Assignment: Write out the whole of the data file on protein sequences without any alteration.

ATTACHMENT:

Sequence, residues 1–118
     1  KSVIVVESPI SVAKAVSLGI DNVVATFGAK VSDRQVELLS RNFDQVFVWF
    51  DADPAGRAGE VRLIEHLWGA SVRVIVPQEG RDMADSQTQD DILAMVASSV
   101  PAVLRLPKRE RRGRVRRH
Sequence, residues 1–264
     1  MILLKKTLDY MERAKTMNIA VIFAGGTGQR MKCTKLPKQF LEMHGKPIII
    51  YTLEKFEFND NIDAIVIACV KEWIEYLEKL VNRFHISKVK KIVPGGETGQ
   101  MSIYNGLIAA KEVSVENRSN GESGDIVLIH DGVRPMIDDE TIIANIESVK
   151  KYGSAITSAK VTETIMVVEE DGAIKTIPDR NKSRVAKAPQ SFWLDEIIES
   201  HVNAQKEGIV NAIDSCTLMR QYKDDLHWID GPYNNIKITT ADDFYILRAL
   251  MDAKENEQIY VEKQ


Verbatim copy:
Sequence, residues 1–118
     1  KSVIVVESPI SVAKAVSLGI DNVVATFGAK VSDRQVELLS RNFDQVFVWF
    51  DADPAGRAGE VRLIEHLWGA SVRVIVPQEG RDMADSQTQD DILAMVASSV
   101  PAVLRLPKRE RRGRVRRH
Sequence, residues 1–264
     1  MILLKKTLDY MERAKTMNIA VIFAGGTGQR MKCTKLPKQF LEMHGKPIII
    51  YTLEKFEFND NIDAIVIACV KEWIEYLEKL VNRFHISKVK KIVPGGETGQ
   101  MSIYNGLIAA KEVSVENRSN GESGDIVLIH DGVRPMIDDE TIIANIESVK
   151  KYGSAITSAK VTETIMVVEE DGAIKTIPDR NKSRVAKAPQ SFWLDEIIES
   201  HVNAQKEGIV NAIDSCTLMR QYKDDLHWID GPYNNIKITT ADDFYILRAL
   251  MDAKENEQIY VEKQ